Barbara Plum's Writing Tips

A Matter Of Perspective
by Barbara Plum

PRINCE OF FROGS (Zebra, October 2004)
QUEEN OF THE UNVIERSE (Zebra, October 2005)

You see the glass half full, I see it empty. You hate the hero, I love him. You think the love story takes a back seat to action, I think the story drags. You think HEA is essential. I'm okay with a more ambiguous ending.

It's all a matter of perspective.

Since I started writing full-time (now almost 10 years ago), I've remembered a lesson I tried to instill in my Sophomore English students: perspective matters.

With that idea in mind, I often advised my students writing on in-class assignments to try a different perspective. Lie down. Go to a different place in the classroom. Stand up. Look at the world through dark sunglasses.

As a writer and avid reader, I find that perspective makes a huge difference. Scarlett O'Hara is not a likeable heroine--from my point of view. She's vain, selfish, and immature. She thinks of herself first. She's a survivor--first, last and always. She's also a match for Rhett Butler, who's older, wiser and more mature. Both are impetuous and outwardly contemptuous of society. Ridiculously, she doesn't recognize he's the love of her life. He walks away from the one woman he adores.

Perspective matters, and I try to remember this when I write. Many of my readers won't have the same world-view I have. One of my readers (a man in his 70's) thinks Molly and Jason are spoiled. I think they are wise, vulnerable and honest. In some ways, they teach the adults more than the adults teach them.

A matter of perspective--tomayto versus tomahto?

Part of how we writers try to deal with the perspective issue is point of view. We write from the hero's perspective and from the heroine's (which has to be different if for no other reason than they are male and female); but primarily because there is no conflict if they both think and see the world from the same perspective.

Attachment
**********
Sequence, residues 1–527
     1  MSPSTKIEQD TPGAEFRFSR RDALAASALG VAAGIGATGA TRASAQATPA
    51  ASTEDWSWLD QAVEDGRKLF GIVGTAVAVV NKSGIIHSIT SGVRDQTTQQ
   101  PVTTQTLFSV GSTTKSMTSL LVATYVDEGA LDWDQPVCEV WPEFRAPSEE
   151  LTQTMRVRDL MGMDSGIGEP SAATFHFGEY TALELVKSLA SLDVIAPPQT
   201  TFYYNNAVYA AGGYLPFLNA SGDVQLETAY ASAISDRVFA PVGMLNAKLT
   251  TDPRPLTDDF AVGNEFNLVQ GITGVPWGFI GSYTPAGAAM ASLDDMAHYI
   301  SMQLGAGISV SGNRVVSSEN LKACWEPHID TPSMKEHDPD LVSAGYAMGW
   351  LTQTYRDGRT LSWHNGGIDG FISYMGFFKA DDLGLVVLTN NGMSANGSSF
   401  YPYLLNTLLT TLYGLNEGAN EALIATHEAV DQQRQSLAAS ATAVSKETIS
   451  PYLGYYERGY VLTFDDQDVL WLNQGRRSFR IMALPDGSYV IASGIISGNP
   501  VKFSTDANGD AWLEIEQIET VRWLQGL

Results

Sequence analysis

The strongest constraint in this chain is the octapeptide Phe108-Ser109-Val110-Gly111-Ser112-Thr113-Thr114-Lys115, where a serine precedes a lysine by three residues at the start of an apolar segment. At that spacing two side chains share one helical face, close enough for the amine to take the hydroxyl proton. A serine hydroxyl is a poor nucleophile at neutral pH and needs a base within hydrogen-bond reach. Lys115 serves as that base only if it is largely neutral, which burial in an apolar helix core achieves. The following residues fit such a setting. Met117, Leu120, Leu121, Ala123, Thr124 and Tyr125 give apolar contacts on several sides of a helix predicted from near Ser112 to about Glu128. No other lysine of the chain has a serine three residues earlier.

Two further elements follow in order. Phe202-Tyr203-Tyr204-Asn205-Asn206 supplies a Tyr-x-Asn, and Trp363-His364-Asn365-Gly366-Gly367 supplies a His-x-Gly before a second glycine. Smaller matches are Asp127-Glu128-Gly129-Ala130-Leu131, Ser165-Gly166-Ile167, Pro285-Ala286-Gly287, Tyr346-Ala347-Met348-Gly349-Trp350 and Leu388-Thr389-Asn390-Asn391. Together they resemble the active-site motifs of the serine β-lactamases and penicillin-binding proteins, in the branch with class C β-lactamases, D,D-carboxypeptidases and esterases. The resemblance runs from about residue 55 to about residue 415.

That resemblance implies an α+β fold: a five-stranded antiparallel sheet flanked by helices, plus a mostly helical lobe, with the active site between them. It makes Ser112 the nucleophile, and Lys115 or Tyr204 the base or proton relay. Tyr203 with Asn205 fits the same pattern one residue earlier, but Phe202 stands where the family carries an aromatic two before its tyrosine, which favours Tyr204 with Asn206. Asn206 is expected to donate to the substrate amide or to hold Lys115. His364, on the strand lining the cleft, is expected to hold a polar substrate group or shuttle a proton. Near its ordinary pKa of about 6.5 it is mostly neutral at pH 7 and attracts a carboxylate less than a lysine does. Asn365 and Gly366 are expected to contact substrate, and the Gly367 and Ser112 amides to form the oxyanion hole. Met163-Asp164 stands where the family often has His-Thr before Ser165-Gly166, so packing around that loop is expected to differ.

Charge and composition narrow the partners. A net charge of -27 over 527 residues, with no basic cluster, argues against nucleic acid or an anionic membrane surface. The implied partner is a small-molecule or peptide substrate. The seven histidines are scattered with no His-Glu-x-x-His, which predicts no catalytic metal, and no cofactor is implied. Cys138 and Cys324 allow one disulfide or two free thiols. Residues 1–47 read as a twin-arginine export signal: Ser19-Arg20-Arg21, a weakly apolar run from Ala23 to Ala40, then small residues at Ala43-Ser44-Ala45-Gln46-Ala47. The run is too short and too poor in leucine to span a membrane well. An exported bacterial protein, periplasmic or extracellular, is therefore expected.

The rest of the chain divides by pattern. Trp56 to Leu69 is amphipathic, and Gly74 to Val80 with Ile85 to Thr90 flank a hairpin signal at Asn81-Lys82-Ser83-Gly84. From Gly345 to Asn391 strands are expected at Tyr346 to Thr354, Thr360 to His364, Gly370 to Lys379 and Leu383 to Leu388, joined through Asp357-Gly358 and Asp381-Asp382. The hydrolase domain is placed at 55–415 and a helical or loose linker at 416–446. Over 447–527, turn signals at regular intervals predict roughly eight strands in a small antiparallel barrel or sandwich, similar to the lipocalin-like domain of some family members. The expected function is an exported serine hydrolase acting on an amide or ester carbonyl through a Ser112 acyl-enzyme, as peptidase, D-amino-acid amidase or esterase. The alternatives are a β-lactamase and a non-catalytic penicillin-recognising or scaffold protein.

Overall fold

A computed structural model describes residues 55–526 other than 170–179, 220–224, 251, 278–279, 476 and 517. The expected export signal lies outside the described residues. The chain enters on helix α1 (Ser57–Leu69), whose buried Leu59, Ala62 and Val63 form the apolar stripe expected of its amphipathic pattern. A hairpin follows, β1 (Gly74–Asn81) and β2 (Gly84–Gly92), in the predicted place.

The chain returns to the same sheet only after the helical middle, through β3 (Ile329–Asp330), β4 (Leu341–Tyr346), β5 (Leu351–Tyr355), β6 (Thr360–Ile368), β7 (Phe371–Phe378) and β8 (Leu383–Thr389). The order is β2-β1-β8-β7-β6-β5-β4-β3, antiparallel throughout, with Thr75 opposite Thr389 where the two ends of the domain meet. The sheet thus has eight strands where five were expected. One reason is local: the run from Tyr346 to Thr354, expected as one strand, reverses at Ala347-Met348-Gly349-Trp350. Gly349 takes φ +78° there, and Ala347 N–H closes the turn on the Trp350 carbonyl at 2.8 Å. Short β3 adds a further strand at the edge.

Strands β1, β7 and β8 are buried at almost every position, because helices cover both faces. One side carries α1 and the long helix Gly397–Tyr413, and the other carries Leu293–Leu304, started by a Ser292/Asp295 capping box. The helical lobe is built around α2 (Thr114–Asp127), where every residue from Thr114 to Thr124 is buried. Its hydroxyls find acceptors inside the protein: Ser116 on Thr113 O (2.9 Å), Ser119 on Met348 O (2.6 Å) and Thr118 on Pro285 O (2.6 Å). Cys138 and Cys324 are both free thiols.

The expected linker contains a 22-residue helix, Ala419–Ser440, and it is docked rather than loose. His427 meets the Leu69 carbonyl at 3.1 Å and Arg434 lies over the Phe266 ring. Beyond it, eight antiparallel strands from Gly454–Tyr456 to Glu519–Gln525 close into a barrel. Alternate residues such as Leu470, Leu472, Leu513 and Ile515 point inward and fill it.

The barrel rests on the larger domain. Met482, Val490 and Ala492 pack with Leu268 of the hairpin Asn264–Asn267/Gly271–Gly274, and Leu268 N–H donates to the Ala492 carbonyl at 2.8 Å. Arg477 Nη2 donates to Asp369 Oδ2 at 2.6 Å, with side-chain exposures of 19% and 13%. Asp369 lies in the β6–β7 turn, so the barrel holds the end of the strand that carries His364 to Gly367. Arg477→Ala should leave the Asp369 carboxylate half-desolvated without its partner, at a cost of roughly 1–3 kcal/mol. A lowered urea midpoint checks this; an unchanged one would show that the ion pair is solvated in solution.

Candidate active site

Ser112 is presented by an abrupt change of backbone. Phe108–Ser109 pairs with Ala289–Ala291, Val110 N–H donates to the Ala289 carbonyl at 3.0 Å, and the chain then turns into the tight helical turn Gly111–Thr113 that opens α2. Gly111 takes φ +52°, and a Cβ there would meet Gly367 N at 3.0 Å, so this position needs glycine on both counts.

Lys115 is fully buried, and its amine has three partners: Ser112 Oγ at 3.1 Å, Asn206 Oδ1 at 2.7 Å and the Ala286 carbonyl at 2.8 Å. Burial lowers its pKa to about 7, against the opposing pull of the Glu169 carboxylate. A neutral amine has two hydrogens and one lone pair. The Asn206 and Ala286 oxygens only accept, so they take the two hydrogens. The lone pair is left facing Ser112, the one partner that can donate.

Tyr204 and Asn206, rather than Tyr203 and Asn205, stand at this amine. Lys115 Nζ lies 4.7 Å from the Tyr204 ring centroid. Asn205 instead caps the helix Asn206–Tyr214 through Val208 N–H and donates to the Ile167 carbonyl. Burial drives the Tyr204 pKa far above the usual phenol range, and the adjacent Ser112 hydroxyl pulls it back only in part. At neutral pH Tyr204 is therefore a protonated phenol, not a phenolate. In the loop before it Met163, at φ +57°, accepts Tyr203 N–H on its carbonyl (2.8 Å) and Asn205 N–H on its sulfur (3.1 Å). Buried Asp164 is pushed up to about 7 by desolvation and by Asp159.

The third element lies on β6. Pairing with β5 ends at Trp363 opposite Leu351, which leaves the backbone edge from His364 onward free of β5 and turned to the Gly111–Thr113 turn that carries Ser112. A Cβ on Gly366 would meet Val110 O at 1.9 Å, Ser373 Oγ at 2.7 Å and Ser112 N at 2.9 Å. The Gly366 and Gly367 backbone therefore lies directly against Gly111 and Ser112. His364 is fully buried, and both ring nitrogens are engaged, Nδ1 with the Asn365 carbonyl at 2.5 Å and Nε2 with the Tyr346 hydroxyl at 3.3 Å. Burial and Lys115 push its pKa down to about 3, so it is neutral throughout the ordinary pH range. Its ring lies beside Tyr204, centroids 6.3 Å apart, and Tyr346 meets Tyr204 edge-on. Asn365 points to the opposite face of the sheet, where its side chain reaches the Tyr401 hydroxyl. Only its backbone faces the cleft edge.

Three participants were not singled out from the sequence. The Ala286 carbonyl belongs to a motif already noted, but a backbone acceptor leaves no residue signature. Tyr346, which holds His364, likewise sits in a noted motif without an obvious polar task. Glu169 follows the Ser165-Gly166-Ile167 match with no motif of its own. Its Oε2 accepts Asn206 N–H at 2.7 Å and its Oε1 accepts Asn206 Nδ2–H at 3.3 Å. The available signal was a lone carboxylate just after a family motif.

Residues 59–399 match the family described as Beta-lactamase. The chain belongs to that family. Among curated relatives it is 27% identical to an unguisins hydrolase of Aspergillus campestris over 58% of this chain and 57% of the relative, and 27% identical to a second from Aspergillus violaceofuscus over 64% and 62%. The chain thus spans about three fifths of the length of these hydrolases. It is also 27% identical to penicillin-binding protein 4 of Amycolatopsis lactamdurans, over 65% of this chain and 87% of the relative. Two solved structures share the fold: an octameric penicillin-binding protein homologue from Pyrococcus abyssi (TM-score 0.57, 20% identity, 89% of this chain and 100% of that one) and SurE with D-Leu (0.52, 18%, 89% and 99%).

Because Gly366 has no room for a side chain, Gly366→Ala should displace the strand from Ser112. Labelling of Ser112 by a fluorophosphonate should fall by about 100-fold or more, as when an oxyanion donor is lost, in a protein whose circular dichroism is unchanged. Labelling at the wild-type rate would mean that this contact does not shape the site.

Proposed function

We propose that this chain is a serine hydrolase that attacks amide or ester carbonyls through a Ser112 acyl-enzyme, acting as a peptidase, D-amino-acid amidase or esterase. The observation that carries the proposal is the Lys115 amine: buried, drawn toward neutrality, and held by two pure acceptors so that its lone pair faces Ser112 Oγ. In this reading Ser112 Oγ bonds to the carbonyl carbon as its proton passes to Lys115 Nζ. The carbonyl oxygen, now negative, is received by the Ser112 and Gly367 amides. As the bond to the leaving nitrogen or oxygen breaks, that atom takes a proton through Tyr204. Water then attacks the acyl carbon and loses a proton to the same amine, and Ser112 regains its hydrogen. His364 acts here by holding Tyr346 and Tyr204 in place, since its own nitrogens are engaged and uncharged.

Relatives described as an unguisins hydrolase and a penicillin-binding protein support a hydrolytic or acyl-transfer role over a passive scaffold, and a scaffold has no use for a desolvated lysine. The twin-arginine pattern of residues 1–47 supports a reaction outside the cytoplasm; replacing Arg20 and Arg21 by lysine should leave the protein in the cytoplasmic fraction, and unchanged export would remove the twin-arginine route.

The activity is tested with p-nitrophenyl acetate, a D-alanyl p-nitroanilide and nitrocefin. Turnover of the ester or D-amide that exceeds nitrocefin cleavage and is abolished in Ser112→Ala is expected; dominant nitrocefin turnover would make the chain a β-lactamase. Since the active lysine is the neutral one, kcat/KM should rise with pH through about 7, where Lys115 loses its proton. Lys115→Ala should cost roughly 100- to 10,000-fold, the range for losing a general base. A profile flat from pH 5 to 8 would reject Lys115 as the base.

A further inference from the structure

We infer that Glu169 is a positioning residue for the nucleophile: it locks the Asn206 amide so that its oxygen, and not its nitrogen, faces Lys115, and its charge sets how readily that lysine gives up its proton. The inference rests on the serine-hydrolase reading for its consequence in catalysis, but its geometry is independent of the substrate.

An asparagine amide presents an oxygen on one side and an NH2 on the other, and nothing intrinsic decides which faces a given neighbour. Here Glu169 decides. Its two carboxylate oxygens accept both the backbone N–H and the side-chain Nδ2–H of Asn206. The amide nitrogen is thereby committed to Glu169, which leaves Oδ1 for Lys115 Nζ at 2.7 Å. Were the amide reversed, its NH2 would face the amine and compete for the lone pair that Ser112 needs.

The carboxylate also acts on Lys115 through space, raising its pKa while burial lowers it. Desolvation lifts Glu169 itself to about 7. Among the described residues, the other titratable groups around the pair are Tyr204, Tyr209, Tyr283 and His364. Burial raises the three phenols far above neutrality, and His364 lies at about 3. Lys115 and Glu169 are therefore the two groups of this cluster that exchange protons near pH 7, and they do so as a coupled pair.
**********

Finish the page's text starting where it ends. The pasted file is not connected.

Getting into someone else's head means we, the writer, have to understand goals the characters want; their motivation to get the goal, and the conflict that arises from not being able to have what the heroine and hero want. Then, we have to wrap it all up so that the reader believes that these two people get together in the end because they want to be together.

In the final analysis (from my perspective), writing is about emotion and communication. It's my job to persuade the reader to forget/suspend her disbelief in these characters who seem to make stupid mistakes guaranteed to drive them apart instead of bringing them together.

As a reader, sometimes my perspective won't be persuaded. For whatever reason--a fight with my husband, a tug of war with my kids, a bad day at the office, worries over money, a pessimistic downturn--whatever, I can't make the connection between me and those characters on the page. They don't become real to me. (Could be the writing sucks, could be the writer insults my intelligence, could be I'm just not in the mood. Whatever . . . from my perspective I've spent good money on a baaad book). Before I got published, I probably would have tossed the book. Now, I'm more likely to put it aside until I'm in a different mood--or until my perspective is somewhat different. (There are still plenty of authors I'm never going to read because my perspective is never going to forgive them for sloppy writing).

Sometimes, to my surprise and dismay, I read an author I'd discounted and find myself excited, transported and in love with the story and the character. I think this is, secretly, what all of us romance writers want: the reader to make the journey with us as trusted guide.

I'd be happy to hear from readers on your favorite books or on differences in your perspective and mine. In the meantime, can you imagine a world without books? I can't. I'd rather have bad books than no books at all! (But this is my perspective).

Barbara Plum

We appreciate Barbara's contribution to the writing tips at Once Upon A Romance.
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